A federal investigation into alleged ties between President Donald Trump's campaign and Russian efforts to interfere in the 2016 election has yet to reach a conclusion. But that doesn't mean that the Democratic party will wait to take action. On Friday, April 20, The Washington Post reported that the Democratic party is suing the Trump campaign, Russia, and Wikileaks, alleging that all three conspired to damage former Democratic challenger Hillary Clinton.
In a statement, Democratic National Committee chairman Tom Perez stated the party's case for filing the suit. "During the 2016 presidential campaign, Russia launched an all-out assault on our democracy, and it found a willing and active partner in Donald Trump’s campaign," Perez said, per The Washington Post. "This constituted an act of unprecedented treachery: the campaign of a nominee for President of the United States in league with a hostile foreign power to bolster its own chance to win the presidency."
Perez, a former secretary of labor under former President Barack Obama, also tweeted a blog post on Friday, which further explained why the party was filing the lawsuit.
The blog post reads,
A major part of Russia’s attack on American democracy was the cyberattack on the DNC and theft of the DNC’s proprietary information. This stolen information was then released to the public by Russian agents and WikiLeaks to damage the Democratic Party and influence the 2016 election. We’re taking this action because we believe no one is above the law, and we must pursue every avenue of justice against those who engaged in this illegal activity against the DNC and our democracy. We must also prevent future attacks on our democracy, and that’s exactly what we’re doing today.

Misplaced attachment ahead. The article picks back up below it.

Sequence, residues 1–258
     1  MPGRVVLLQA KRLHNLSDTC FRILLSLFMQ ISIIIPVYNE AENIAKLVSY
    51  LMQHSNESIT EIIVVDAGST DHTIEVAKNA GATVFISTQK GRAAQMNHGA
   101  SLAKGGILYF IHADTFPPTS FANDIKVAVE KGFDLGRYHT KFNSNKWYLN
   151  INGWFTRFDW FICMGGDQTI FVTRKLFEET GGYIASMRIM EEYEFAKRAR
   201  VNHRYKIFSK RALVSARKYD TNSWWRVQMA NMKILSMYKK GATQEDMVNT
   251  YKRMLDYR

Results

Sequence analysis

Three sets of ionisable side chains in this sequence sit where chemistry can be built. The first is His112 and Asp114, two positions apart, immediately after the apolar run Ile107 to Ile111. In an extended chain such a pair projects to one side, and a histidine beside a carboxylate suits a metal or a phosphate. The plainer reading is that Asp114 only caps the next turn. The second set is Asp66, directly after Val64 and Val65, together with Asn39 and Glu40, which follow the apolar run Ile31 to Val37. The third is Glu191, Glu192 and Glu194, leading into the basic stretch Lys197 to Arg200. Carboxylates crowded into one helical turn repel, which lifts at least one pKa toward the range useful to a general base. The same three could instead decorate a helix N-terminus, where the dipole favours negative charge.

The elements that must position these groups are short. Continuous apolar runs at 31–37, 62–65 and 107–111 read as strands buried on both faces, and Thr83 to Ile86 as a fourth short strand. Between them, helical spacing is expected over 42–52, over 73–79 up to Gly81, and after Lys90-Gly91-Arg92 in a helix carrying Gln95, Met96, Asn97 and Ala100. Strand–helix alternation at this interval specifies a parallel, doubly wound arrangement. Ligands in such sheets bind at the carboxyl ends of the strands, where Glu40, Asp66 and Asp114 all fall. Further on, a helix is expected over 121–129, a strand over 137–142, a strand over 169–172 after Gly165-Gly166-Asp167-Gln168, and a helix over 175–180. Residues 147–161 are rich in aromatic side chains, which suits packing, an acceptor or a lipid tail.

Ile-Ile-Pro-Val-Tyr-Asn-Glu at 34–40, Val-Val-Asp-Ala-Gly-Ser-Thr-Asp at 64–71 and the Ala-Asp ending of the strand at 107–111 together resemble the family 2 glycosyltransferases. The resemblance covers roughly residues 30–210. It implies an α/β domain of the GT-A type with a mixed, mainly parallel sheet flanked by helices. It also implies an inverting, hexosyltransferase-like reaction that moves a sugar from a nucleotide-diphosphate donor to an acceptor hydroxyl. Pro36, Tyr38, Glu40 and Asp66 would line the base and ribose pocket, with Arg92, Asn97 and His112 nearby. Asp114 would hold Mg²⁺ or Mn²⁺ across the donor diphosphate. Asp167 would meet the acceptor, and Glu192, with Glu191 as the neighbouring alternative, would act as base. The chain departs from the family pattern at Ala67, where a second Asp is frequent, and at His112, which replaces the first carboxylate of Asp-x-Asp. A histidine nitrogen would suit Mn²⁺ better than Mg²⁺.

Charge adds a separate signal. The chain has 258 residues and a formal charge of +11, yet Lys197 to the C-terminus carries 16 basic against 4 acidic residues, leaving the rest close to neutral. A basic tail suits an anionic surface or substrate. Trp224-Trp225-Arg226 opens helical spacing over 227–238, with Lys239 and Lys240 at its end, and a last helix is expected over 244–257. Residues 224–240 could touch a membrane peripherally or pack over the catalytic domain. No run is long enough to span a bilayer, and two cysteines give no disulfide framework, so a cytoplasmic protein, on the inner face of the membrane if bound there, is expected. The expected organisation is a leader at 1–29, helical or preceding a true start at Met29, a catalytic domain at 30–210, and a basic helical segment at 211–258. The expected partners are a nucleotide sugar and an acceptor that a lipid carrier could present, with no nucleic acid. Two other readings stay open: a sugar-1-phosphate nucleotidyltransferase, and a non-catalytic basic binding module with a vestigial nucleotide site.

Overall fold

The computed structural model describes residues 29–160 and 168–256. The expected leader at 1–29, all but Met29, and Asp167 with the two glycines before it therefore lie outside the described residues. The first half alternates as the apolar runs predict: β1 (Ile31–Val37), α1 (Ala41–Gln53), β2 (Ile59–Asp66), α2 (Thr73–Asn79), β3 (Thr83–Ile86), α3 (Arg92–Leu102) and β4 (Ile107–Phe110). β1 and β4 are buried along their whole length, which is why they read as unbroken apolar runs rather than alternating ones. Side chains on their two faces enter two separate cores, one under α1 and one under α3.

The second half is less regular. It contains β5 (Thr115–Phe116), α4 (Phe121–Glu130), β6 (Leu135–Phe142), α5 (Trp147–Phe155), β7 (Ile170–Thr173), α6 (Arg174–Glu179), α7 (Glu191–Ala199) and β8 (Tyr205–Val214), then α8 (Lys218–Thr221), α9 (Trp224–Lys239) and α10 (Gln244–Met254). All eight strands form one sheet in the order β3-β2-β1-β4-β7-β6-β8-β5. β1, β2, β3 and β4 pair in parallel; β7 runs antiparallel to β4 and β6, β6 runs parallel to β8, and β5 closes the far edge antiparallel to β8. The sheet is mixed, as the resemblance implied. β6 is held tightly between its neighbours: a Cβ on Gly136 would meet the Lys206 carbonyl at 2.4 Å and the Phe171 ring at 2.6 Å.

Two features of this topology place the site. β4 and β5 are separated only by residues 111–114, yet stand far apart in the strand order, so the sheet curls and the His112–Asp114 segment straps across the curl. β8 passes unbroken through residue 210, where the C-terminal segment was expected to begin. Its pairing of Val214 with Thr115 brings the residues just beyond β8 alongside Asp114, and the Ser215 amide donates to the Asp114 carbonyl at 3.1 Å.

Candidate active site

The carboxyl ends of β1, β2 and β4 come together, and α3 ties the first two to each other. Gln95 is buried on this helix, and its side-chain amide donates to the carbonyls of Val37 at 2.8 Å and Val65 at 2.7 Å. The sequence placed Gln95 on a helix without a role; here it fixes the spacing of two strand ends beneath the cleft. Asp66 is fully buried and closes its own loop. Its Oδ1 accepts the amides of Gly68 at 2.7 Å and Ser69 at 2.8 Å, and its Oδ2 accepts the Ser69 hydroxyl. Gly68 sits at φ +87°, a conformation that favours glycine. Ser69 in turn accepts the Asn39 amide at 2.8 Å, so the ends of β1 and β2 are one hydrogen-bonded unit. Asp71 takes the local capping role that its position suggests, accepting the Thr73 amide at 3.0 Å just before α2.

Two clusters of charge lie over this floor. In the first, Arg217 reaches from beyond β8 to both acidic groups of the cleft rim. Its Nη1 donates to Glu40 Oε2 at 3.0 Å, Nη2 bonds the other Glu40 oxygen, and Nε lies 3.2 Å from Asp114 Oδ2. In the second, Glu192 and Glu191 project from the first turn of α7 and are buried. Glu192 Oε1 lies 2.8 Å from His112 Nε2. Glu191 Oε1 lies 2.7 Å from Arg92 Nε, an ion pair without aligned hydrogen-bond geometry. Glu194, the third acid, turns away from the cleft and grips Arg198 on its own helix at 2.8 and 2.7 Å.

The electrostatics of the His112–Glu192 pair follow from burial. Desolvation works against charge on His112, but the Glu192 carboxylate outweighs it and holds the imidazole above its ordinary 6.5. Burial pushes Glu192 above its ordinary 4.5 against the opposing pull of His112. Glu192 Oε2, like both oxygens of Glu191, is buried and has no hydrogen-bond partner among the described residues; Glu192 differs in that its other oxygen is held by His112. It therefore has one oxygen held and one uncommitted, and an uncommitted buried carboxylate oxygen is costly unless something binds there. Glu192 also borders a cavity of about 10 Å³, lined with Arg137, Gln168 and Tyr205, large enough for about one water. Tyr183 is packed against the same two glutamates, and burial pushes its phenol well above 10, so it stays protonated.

The 66-page lawsuit was filed in a New York federal court on Friday, The New York Times reports. Inside the lawsuit, the Democratic party pieces together publicly reported information about the Department of Justice's Russia investigation — which has been led by former FBI Director Robert Mueller — and uses that information to allege that Trump campaign members illegally coordinated with Russian actors and Wikileaks to hack and release damaging information about Democrats and the Clinton campaign, The Times reports.
Elite Daily reached out to the White House for comment, but did not immediately receive a reply.
"We believe that Russia found a willing partner in the Trump campaign, who shared their goal of damaging the Democratic Party and helping elect Donald Trump," the Democrats' blog post read. "The Trump campaign had repeated secretive communications with Russian agents and WikiLeaks. Russian agents told Trump advisors that the Kremlin wanted to help Trump and had stolen emails and other material that could damage Trump’s opponent. And Trump’s closest political advisor, Roger Stone, had advance knowledge of a major release of stolen Democratic emails."
So far, Mueller's investigation has resulted in indictments against multiple Trump associates, including former Trump campaign manager Paul Manafort and Trump's first White House National Security Advisor, Michael Flynn. The lawsuit comes one week, however, after Deputy Attorney General Rod Rosenstein reportedly assured President Trump that he is not a target of the investigation, Bloomberg reported. Elite Daily has reached out to Rosenstein's team at the United States Department of Justice for confirmation that he said this.
Rod Rosenstein oversees the Russia investigation because his superior at the Justice Department, Attorney General Jeff Sessions, who was involved in Trump's campaign and transition to the White House, recused himself from involvement in the investigation.
In the DNC's blog post about its lawsuit, the party said that the lawsuit was being filed as a deterrent against future interference in American elections.
"We’re going to keep our eyes on the prize: taking back the House and Senate, winning back governorships and state legislatures, and moving our country in the right direction," the post reads. "But winning elections also means protecting elections, and today we’re doing just that."